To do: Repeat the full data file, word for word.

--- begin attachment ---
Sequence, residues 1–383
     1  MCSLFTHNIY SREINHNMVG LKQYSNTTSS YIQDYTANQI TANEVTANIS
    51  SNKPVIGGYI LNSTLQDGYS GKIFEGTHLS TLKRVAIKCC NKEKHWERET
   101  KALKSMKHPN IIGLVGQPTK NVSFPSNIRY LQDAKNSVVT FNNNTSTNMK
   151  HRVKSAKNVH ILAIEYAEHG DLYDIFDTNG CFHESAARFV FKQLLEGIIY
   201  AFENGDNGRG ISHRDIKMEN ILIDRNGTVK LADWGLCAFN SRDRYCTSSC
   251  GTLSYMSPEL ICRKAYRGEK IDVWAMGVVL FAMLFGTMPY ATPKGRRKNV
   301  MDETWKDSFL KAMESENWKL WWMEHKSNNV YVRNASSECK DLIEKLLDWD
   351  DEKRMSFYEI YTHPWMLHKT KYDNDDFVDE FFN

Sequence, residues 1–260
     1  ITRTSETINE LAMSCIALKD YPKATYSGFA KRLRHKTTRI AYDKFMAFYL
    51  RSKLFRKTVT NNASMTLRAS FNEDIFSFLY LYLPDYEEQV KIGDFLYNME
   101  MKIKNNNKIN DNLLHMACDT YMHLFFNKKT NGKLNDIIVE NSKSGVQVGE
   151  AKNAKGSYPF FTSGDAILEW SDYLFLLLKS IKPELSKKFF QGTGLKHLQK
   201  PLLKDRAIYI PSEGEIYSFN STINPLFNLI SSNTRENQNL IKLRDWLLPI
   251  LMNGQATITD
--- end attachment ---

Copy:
Sequence, residues 1–383
     1  MCSLFTHNIY SREINHNMVG LKQYSNTTSS YIQDYTANQI TANEVTANIS
    51  SNKPVIGGYI LNSTLQDGYS GKIFEGTHLS TLKRVAIKCC NKEKHWERET
   101  KALKSMKHPN IIGLVGQPTK NVSFPSNIRY LQDAKNSVVT FNNNTSTNMK
   151  HRVKSAKNVH ILAIEYAEHG DLYDIFDTNG CFHESAARFV FKQLLEGIIY
   201  AFENGDNGRG ISHRDIKMEN ILIDRNGTVK LADWGLCAFN SRDRYCTSSC
   251  GTLSYMSPEL ICRKAYRGEK IDVWAMGVVL FAMLFGTMPY ATPKGRRKNV
   301  MDETWKDSFL KAMESENWKL WWMEHKSNNV YVRNASSECK DLIEKLLDWD
   351  DEKRMSFYEI YTHPWMLHKT KYDNDDFVDE FFN

Sequence, residues 1–260
     1  ITRTSETINE LAMSCIALKD YPKATYSGFA KRLRHKTTRI AYDKFMAFYL
    51  RSKLFRKTVT NNASMTLRAS FNEDIFSFLY LYLPDYEEQV KIGDFLYNME
   101  MKIKNNNKIN DNLLHMACDT YMHLFFNKKT NGKLNDIIVE NSKSGVQVGE
   151  AKNAKGSYPF FTSGDAILEW SDYLFLLLKS IKPELSKKFF QGTGLKHLQK
   201  PLLKDRAIYI PSEGEIYSFN STINPLFNLI SSNTRENQNL IKLRDWLLPI
   251  LMNGQATITD